Creation Records : International Guardians Of Rock'n'Roll 1983-1999

Listen and wonder. We shall not see their like again.

Creation Records  : International Guardians Of Rock'n'Roll 1983-1999

7 / 10 A moment of silence for the dear departed. When Creation Records came to its final juddering halt last year, it marked the end of indie as we know it. As that last Primal Scream single dripped mournfully into the new release racks, indie-pop's short slamdance with the big time was well and truly over.





Alan McGee has now cherry-picked two CDs worth of his own personal faves as a final memento of his extraordinary career. His was a life lived large: when he wasn't chilling out with Tony Blair, he was crazy-mad-for-it-bonkers on the rave scene, and his style of label management was intensely personal. Creation was his label and this was his art.





And didn't he do well? '...Guardians of Rock'n'Roll' contains some epochal sounds - Primal Scream's groove quest 'Loaded', The Jesus And Mary Chain's fearsome debut 'Upside Down', Teenage Fanclub's sublime 'The Concept' and Super Furry Animals' cheeky, Steely Dan-sampling 'The Man Don't Give A Fuck' to name but a few.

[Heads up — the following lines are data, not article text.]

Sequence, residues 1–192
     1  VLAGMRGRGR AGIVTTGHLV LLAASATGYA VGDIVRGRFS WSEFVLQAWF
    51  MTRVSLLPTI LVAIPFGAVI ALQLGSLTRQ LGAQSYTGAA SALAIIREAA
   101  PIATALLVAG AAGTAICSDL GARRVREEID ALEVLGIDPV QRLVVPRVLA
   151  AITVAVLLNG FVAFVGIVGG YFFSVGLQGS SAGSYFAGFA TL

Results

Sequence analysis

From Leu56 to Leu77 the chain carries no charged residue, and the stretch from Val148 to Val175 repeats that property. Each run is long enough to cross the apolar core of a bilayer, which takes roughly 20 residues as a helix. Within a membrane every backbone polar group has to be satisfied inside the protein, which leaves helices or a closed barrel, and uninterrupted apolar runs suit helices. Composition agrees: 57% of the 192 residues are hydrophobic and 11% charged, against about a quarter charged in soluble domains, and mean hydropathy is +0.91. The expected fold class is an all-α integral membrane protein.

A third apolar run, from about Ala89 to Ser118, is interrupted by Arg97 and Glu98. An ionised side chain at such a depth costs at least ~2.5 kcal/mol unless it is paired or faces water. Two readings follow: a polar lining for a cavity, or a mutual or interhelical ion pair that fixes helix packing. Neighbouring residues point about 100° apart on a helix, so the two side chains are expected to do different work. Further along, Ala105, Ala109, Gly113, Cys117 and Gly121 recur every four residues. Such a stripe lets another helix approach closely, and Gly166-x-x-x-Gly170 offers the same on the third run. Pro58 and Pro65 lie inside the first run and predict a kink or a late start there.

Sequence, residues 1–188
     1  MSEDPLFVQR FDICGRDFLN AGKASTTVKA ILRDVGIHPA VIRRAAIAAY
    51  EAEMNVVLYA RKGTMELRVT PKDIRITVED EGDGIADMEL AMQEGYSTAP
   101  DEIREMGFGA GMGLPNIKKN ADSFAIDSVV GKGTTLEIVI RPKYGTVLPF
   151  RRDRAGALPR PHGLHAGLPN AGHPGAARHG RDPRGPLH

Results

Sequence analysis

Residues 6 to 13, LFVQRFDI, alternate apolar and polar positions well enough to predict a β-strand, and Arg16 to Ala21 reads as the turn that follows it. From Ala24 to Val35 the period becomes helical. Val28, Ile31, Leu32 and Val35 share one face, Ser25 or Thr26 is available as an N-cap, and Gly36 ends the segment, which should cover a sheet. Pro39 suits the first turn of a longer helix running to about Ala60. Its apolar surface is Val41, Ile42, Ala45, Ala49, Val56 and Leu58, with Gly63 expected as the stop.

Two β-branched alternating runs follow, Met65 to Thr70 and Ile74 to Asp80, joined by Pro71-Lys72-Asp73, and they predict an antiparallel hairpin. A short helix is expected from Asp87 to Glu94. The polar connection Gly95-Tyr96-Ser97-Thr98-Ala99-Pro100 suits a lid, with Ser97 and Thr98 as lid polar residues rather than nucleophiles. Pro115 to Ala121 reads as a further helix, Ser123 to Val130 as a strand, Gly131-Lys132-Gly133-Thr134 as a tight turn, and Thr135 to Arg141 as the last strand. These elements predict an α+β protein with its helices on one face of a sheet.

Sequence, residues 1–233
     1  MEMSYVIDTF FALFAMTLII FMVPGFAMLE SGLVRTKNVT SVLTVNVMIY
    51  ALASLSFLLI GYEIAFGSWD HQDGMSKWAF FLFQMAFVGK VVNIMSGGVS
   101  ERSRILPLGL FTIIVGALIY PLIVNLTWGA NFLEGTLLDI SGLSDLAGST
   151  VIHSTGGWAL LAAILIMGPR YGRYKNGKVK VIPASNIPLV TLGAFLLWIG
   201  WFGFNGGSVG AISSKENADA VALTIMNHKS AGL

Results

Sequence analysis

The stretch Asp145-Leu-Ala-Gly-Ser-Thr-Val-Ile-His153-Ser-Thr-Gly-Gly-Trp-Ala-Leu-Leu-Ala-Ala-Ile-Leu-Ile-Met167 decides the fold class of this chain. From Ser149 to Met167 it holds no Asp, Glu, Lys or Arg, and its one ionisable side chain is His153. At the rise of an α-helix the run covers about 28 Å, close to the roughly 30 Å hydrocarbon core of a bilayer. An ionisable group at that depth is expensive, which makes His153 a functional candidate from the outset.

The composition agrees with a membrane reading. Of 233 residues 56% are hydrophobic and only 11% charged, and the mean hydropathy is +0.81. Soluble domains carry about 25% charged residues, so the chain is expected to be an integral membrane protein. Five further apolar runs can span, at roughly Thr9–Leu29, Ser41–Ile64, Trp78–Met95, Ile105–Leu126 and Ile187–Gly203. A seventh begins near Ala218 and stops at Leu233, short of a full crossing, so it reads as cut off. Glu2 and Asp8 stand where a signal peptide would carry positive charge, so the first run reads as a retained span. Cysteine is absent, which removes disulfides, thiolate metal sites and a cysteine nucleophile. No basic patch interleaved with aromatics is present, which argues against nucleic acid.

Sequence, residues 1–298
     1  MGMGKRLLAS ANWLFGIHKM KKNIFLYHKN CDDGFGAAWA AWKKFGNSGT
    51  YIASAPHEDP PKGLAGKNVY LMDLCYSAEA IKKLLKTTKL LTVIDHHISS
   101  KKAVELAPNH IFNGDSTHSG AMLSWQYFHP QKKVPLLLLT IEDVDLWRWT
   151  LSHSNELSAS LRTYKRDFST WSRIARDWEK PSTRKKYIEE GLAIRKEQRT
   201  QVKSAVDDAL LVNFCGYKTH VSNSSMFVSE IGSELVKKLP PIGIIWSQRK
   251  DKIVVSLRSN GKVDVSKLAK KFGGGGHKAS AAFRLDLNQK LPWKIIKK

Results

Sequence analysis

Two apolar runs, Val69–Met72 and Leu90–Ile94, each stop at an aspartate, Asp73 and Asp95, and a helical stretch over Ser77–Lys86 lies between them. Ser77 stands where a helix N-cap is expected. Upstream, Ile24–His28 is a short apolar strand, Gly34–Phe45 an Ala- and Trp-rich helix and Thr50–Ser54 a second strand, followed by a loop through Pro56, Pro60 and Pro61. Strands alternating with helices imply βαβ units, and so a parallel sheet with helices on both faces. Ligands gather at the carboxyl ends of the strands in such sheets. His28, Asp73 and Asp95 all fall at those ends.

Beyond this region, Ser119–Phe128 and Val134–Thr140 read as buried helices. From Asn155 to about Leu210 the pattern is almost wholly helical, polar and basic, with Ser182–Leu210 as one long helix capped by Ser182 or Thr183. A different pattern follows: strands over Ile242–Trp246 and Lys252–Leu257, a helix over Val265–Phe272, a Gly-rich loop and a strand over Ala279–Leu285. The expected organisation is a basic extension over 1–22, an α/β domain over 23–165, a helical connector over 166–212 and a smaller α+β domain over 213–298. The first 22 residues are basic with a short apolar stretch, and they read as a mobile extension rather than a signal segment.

In between those Himalayan peaks, there's a nod to all the scenes he fostered and nourished. Shoegazing home counties kids Slowdive, Swervedriver and Ride have been exhumed, along with more eclectic indie-schmindies like Meat Whiplash, Jasmine Minks, BMX Bandits and Felt.





His tendency to give his chums record contracts is also represented. Joe Foster gets a nod with the inclusion of his Mary Chain pastiche 'I'll Follow You Down' while fellow ex-TV Personality Ed Ball gets two tracks. Strangely, McGee's own band Biff Bang Pow!, responsible for at least two brilliant singles, are conspicuous only in their absence.





Oh yes, and Oasis are on there too. Whether the Gallagher brothers made Creation or destroyed it will be the overriding concern for pop historians. Oasis' mega-success heralded McGee's apocalypse. The years following 'Definitely Maybe' saw the once modest independent receiving an enormous cash boost which McGee threw away in a champagne supernova of excessive spending and truly appalling signings (One Lady Owner, Technique, Ultra Living, Toaster, and the less said about repeated attempts at setting up spin-off dance labels, the better). The apocryphal story of Noel Gallagher storming into McGee's office last year and flinging a copy of Kevin Rowland's expensive but unsaleable 'My Beauty' at him with the words, 'You spent my money on this?' would be an apt epitaph for Creation, whether it's true or not.





Still, at least he had ambition. The fact that '...Guardians Of Rock'n'Roll' provides a fairly wonky but vaguely true account of what happened in British music and culture in the last 16 years is to Creation's immense credit.





Listen and wonder. We shall not see their like again.





Jim Wirth

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